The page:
Below are seriously playful directives from the Bureau for Experimental Ethnography. They are created for the Carceral Edgelands winter fieldwork season 2021-22. These are meant to function as prompts to help fieldworkers in your orientation to the carceral edgelands of immigrant detention.
Refresh your webpage for new, randomized instructions.
Bring something to read aloud in the space near the detention center. How did it sound in this space?
Carceral Edgelands is an invitation to investigate and learn about the areas surrounding immigrant detention centers. Experimental ethnography asks us to pay attention to the world as it is lived, seen, told, and experienced. It is a mode of engagement as much as a mode of expression. It embraces indeterminacy just as it commits to a distributed politics of care, decency, and wonder.
Carceral Edgelands directives are inspired by Fluxus scores as well as Mass Observation directives, day surveys, and diaries.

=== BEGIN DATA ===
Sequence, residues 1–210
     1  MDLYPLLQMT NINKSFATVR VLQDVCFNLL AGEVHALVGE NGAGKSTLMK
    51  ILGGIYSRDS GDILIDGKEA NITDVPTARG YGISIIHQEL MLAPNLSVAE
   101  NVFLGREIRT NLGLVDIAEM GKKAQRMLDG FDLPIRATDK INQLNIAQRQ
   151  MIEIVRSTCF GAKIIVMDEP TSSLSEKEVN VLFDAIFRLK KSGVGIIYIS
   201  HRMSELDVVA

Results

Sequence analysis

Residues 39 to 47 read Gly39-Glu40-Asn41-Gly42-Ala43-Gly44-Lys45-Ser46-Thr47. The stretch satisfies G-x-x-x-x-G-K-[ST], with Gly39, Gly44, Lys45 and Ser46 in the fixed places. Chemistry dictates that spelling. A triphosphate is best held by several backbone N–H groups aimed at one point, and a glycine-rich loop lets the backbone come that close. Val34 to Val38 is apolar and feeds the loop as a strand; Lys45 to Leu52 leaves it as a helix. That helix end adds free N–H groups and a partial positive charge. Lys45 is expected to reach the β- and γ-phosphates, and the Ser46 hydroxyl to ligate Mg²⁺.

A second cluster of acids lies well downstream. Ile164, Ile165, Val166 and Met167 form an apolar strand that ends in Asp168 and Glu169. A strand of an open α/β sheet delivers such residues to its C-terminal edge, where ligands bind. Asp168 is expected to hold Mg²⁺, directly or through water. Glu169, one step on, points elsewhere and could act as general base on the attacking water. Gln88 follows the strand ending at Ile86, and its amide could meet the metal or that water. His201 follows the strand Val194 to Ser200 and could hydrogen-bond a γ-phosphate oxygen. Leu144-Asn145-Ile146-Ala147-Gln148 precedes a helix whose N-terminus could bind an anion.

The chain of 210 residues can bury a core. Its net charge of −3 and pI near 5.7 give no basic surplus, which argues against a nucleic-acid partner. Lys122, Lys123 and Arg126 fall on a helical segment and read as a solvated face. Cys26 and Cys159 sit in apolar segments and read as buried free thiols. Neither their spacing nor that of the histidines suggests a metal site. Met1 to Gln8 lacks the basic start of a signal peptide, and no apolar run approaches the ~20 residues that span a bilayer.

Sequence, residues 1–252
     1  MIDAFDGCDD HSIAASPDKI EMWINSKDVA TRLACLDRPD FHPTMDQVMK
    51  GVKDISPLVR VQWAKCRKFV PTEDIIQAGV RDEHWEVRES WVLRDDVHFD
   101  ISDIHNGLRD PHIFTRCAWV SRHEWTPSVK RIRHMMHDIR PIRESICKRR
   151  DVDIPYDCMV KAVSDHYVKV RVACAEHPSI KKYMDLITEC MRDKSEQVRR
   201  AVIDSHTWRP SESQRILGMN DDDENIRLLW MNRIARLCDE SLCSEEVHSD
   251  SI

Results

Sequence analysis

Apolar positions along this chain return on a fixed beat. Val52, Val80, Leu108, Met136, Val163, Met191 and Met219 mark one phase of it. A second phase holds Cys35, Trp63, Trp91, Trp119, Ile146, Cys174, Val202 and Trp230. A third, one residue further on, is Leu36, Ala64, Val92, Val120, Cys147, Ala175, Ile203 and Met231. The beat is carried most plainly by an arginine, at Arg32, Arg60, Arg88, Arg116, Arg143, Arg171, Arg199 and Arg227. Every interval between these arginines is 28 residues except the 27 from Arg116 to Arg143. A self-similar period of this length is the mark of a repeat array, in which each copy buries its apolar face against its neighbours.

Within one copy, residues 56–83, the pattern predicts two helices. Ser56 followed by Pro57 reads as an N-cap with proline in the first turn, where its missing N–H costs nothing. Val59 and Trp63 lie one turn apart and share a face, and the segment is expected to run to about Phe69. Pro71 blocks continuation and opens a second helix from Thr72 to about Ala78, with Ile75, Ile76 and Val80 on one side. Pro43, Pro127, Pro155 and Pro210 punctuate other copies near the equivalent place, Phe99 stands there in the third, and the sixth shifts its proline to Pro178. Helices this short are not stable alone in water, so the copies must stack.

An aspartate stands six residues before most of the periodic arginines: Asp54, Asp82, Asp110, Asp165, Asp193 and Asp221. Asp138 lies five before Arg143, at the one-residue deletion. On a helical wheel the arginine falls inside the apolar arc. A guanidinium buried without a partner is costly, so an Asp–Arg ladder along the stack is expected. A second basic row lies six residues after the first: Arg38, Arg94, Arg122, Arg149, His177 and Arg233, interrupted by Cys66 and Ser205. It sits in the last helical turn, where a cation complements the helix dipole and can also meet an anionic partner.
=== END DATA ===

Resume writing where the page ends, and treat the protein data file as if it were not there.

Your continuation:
Mass Observation “tried to establish more imaginative and active means of documenting patterns of popular experience. They hoped to generate material evidence by and of ‘the mass’ that would provide access to the thoughts, feelings and behaviour of the ‘ordinary’ person on a strikingly diverse range of topics, large and small. They used a ‘shoestring methodology’… drawn from (and sometimes working in opposition to) popular understandings of anthropology, psychoanalysis, surrealism and social surveys, and gathered their diverse data from diaries and through ‘overheards’, via participant observation, directives (questionnaires) and day-surveys. The wide range of accounts which ensued covered political opinion and attitudes to race, sex and class as well as records of dreams, meals, mantelpieces and dancing – to name but a few of the project’s sprawling interests.Pollen, Annebella. 2013. “Research Methodology in Mass Observation Past and Present: ‘Scientifically, about as Valuable as a Chimpanzee’s Tea Party at the Zoo’?” History Workshop Journal 75 (1): 213–35.